Hoysala architecture is a distinctive style of temple architecture that flourished in the region of Karnataka, India. During the 11thand 14th centuries, the rulers of Hoysala dynasty gave importance to art and architecture, especially for the temples. These temples are adorned with intricate and ornate designs, and exquisite carvings depicting various deities that narrate Hindu mythological tales preserving the heritage.
4 Significant Temples Of Hoysala Art In Belur
Dodda Gadduvalli Lakshmi temple Much of Hoysala temples are dedicated to Vishnu. As an exception, this temple dedicated to Lakshmi, concert of Vishnu. This temple built during 1114 has an effect of Kolhapur in Maharashtra. Its quite natural, since this was built by businessmen couple of that State, by name Kalhana Raut and Sahajadevi.
They built this by the order of Vishnuvardhana, the then Hoysala king. This temple has four sanctum sanctorum with four shikhara on them. On the ceiling, Astadikpalakas with their concerts are seen and they are most beautiful. Hoysala emblem is seen on all four sides. As guardians, we can see giant statues in skeleton form. This temple being a combination of Shaiva and Vaishnava school of thoughts, a religious harmony is depicted by the works of famous sculptors namely, Malloja and Maniyoja. Along with statues of Durga, other statues of Lakshmi, Shiva, it is guessed that there must be statue of Narasimha in the empty sanctum. Kalabhiarava, an associate of Kali is also seen nearby.
Most of the Hoysala temples used to have a high raised compound wall around them. Due to encroachment and/or dilapidation, these walls must have been crumbled. But one such reference can be seen here in Doadda Gadduvalli, with a compound around the temple.
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Hoysala empire is remembered forever, for the two famous places at Beluru and Halebeedu, exclusively for their beautiful temples. Belur was once the capital of Hoysalas. Early name of this town was Velapuri. This is situated at a distance of 222kms from Bengaluru. Vishnu consecrated at this temple is popularly known as Soumya Keshava and Vijaya Narayana as well. From a distance, this temple looks like a chest of jewels, since it doesn’t have a tower on the top. Once it had a tower measuring 70’ high. Though construction of this temple started during the reign of Vishnuvardhana, it was completed during the period of Veera Ballala II. Apart from Soumya Keshava temple, there are other temples like Kappe Chennigaraya, Veera Narayana and Ranganayaki in the complex. (to be continued) Picture Credit : Prof. GIANLUIGI VEZOLI Born in Brescia ( Italy ) 10.10.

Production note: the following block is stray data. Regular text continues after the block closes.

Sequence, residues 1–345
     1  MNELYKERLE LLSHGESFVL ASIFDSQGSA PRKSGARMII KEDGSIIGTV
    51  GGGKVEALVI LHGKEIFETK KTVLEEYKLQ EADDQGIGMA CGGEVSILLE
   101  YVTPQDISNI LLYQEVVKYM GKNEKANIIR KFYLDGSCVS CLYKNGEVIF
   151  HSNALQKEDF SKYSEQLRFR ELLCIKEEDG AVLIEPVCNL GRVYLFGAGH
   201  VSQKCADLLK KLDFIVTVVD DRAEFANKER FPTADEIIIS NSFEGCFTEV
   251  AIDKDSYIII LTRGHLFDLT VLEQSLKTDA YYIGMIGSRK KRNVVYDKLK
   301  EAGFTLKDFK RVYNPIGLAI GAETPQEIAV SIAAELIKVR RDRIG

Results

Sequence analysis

1950 Degree in Architecture, he taught Technic Education, History of Italian Art, support to Disabilitys Students in public schools. Scholar, teaching and learning of methodology in disorders disability, he was Member of the Superintendency Handicap Group in Brescia, and worked with Cooperatives, Universities, Rehabilitation Institutes. Already designer, actor and director in Theater was teacher, performing trainer, artistic director in Cultural Associations, Theater Companies and Universities of Performing Arts. Passionate about History of Arts, deals History of Indian Medioeval Architecture compared to Italian Art History. In this context, working with the University of Brescia (Departments of History Art and Theater ( Prof. M.Candida Toaldo) , University La Sapienza in Rome (Prof. Ciro Lo Muzio) and he’s in contact with Indian teachers of University of Dharwad (Prof. S. Padigar), Pune (Deccan College), Kadapah (Yogi Vemana University) where he gave lessons (lectures) in comparative History of Italian and Indian Art.